Search For a Provider Facebook Twitter Instagram YouTube ES View the Patient Toolkit

Did You Know?

Do Homophobes Experience Same-Sex Attraction?

Do Homophobes Experience Same-Sex Attraction?

Are people with homophobia actually attracted to the same sex, but in denial about it? Past research has had mixed results, but a new study published in the Journal of Sexual Medicine adds a new perspective.

Homophobia encompasses a variety of negative feelings toward homosexuals. Such feelings might include fear, disgust, or hatred. Homophobic people often discriminate against gays and lesbians and, in severe cases, act violently toward them.

A previous study suggested that homophobic men could be unconsciously attracted to other men. But measuring that attraction can be difficult.


What do men's eye movements tell us about same-sex attraction and homophobia? (Click to tweet)


In this study, the researchers measured men’s eye movements to learn more about same-sex attraction.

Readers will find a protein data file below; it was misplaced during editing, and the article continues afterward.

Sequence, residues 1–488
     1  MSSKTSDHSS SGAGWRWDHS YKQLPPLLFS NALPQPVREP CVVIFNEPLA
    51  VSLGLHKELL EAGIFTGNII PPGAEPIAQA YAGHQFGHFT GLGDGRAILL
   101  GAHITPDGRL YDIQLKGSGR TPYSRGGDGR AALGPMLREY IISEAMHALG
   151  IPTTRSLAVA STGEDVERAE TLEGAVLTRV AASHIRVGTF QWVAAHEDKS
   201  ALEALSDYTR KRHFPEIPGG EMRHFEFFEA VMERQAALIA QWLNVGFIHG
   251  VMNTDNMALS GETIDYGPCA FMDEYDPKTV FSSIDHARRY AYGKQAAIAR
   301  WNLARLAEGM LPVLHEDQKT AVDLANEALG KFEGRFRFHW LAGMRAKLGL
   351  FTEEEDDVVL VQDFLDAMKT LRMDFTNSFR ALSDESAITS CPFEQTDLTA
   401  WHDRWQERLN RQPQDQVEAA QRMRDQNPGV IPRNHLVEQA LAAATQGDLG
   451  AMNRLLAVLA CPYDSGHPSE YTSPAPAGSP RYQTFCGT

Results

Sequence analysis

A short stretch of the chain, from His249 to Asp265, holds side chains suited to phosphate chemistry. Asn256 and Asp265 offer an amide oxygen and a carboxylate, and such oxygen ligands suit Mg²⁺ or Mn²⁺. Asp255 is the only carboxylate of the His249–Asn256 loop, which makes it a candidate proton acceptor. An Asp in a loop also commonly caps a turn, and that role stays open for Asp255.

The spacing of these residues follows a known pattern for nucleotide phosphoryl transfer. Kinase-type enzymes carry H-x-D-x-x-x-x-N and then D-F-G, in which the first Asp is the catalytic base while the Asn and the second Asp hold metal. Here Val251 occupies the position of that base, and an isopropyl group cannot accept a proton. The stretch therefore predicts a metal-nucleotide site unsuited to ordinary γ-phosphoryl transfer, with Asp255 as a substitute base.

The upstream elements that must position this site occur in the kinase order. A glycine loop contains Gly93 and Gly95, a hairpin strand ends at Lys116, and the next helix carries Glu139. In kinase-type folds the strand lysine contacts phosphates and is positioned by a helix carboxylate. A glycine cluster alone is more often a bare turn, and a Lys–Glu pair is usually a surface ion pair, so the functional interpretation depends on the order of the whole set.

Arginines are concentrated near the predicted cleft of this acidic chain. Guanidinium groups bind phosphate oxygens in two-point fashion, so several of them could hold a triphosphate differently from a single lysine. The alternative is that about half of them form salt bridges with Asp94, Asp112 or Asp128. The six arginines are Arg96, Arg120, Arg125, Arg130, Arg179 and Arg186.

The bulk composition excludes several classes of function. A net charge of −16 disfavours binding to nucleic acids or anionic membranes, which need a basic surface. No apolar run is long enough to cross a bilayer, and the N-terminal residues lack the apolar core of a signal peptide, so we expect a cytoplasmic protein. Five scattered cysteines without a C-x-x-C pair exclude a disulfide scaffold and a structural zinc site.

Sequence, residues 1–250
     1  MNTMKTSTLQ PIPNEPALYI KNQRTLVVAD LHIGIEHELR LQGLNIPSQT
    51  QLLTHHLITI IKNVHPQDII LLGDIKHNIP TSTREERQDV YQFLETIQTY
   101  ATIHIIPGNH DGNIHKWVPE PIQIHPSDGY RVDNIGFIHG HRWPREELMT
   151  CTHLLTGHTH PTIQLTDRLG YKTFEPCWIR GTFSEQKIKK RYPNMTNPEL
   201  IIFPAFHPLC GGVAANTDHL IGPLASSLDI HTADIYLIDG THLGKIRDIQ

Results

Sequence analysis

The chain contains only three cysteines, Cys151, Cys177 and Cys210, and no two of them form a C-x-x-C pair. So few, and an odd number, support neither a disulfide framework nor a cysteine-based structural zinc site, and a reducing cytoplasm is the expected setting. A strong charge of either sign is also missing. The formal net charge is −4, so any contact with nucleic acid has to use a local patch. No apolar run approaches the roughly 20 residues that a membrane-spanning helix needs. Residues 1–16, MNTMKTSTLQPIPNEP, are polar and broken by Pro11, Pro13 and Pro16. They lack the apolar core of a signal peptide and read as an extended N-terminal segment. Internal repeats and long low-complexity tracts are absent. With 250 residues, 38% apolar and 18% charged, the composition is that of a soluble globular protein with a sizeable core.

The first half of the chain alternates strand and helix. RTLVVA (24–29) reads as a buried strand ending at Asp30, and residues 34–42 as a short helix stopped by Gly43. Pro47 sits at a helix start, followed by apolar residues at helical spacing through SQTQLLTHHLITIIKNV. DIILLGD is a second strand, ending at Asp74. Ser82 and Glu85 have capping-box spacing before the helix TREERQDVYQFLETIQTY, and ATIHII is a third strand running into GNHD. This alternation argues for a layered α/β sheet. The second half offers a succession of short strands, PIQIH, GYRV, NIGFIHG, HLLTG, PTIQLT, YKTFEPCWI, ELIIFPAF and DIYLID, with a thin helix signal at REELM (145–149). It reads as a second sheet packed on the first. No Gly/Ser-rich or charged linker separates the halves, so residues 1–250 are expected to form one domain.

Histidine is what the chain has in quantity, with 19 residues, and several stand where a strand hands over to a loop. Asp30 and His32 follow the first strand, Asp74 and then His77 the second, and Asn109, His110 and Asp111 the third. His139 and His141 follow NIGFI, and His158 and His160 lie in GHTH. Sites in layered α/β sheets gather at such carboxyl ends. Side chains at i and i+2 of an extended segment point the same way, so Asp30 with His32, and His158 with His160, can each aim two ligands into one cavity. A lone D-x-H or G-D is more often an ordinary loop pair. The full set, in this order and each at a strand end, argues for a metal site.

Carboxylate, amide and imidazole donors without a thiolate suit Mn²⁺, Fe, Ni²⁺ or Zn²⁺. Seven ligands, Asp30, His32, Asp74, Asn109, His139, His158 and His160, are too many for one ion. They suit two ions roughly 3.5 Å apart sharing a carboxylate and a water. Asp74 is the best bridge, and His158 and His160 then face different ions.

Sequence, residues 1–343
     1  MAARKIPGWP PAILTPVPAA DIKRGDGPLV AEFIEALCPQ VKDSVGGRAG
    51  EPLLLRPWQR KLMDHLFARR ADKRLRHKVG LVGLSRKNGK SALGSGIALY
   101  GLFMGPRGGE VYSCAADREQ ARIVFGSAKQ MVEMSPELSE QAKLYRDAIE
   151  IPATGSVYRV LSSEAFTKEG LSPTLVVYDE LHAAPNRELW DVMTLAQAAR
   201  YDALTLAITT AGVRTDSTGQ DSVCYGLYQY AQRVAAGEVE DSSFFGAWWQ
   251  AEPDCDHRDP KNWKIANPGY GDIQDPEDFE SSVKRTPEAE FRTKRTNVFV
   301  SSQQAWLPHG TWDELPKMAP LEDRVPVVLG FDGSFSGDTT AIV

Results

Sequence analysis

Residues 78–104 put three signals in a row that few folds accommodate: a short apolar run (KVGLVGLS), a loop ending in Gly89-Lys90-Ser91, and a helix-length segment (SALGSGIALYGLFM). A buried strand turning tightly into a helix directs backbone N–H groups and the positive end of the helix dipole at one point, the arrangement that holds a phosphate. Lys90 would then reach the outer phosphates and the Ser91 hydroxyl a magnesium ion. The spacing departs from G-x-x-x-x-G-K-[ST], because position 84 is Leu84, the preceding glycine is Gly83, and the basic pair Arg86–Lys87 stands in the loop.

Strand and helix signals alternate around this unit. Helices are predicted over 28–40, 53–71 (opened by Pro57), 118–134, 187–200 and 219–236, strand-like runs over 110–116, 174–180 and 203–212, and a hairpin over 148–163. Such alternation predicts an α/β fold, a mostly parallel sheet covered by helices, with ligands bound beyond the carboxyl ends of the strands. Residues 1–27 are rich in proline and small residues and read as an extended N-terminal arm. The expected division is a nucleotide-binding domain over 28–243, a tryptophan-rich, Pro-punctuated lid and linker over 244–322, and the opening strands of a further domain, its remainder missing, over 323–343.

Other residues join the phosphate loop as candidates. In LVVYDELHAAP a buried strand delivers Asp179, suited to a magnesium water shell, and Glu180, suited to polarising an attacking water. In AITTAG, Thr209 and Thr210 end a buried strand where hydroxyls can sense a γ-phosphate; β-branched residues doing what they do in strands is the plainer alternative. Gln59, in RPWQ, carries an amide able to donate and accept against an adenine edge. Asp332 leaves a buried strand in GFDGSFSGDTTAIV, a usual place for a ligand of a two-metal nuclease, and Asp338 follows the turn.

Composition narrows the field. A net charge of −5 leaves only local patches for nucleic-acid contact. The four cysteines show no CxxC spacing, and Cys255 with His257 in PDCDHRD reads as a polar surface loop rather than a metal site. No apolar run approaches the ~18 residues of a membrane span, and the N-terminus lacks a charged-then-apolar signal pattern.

Thirty-eight men with an average age of 22 years participated in the study. First, the researchers assessed the men’s levels of homophobia.

Next, the men performed a picture-viewing task involving 20 images. Ten images depicted heterosexual couples; the remaining ten showed homosexual men. The participants were asked to rate the pictures based on how pleasant the images were.

The scientists measured how long the men focused on the people depicted in each image.

Men who were more homophobic tended to look longer at the homosexual images. However, this occurred only when the men had “impulsive approach tendencies toward homosexual stimuli (IAHS).” In other words, the men kept their eyes on the homosexual photos longer if they had an impulsive same-sex attraction.

The study authors explained that using eye movements could help researchers understand why some homophobic men are drawn to homosexual elements and some are not.


Anti-Defamation League


The Journal of Sexual Medicine

Cheval, Boris

“Homophobia: An Impulsive Attraction to the Same Sex? Evidence From Eye-Tracking Data in a Picture-Viewing Task”

(Full-text. First published online: May 2016)